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Fred Friedberg’s Seven-Step Protocol for Treating CFS & FM

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By Bruce Campbell


If you're looking for practical strategies to improve your quality of life with CFS or FM, you might consider picking up a copy of Fred Friedberg's book Fibromyalgia and Chronic Fatigue Syndrome: Seven Proven Steps to Less Pain and More Energy. Friedberg is a psychologist, researcher and person with CFS (PWC).

 
His approach is based on the belief that lifestyle change is the treatment of choice for CFS and FM. He writes that while effective medical treatments are yet to be developed, effective treatments of "behavioral, psychological, personality, and stress factors" are available, offered not as cures but as vehicles "to greatly improved quality of life and lessened illness severity."


Describing the shift in his own approach to CFS, he writes that "it took me almost two decades to realize that deliverance from CFS wasn't going to come from outside treatments." He notes the irony that as a psychologist he often mentioned mind-body connections to others, but it took him 18 years to recognize that lifestyle change might work with CFS.


He says that the lifestyle change approach described in the book is effective for a majority of people who use it and he offers a carefully-worded promise: "If you follow the lifestyle and stress reduction recommendations in the book for at least six months -following the recommendations to the letter- you will experience a noticeable improvement in your condition." "Noticeable" means at least 20 percent, he writes.


So what are his seven steps?
 

Relaxation


Noting that stress is very common among people with CFS and FM, his first step is to adopt a daily relaxation practice. He writes that "relaxation is to CFS and FM what aspirin is to headaches; relaxation can reduce symptoms and dissolve tension." He suggests people start with 10 to 20 minutes twice a day, then later increasing it to 30 minutes twice a day. He gives step-by-step instructions for several techniques.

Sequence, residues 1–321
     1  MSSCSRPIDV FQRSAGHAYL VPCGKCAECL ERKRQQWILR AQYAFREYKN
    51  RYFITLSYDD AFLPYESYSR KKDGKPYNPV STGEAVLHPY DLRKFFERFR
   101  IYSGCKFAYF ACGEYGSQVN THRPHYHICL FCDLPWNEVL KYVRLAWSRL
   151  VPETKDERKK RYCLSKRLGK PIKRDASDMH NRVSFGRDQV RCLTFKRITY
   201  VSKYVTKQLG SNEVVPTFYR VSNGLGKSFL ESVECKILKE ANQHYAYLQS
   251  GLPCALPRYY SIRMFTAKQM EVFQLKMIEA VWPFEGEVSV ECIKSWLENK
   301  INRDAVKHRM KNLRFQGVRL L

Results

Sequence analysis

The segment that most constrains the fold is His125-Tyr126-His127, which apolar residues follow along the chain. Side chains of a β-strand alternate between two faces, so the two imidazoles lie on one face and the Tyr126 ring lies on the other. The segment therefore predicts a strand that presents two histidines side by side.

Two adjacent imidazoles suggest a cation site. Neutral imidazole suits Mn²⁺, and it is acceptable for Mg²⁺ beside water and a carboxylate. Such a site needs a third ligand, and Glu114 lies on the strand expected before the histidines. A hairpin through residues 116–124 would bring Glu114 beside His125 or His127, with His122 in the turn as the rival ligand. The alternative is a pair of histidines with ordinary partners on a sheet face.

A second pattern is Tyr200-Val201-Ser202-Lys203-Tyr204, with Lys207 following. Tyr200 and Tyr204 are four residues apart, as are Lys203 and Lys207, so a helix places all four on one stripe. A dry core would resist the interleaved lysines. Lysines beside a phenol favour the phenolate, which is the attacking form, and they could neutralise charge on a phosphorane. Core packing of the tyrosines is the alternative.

Improving Sleep


Poor sleep is very common in CFS and FM, and contributes to other symptoms such as fatigue, pain and cognitive problems. The second step focuses on improving sleep through changing sleep habits and practices.

Friedberg's advice on sleep hygiene practices is similar to that of other authorities: have a regular schedule for going to bed and getting up, limit daytime napping, use your bed only for sleep and intimacy, prepare for bed by gradually winding down, have a good mattress and a dark, quiet environment.
 

Pacing


Pacing is the heart of every lifestyle change approach and is the third step in this plan. In this book (as in most plans), pacing means reducing overall activity level, breaking activity into units, having shorter activity periods, and keeping a consistent activity level from day to day. Consistent with other authorities, Friedberg advises keeping a log of activity and symptom levels to determine what worsens symptoms.
 

Lessening Anger


Emotional reactions are a central aspect of CFS and FM. Friedberg devotes steps 4 and 5 to them, beginning with a chapter on anger. One strategy for reducing anger is to adjust expectations. He suggests using a log to record feelings and to ask what thoughts lie behind the feeling.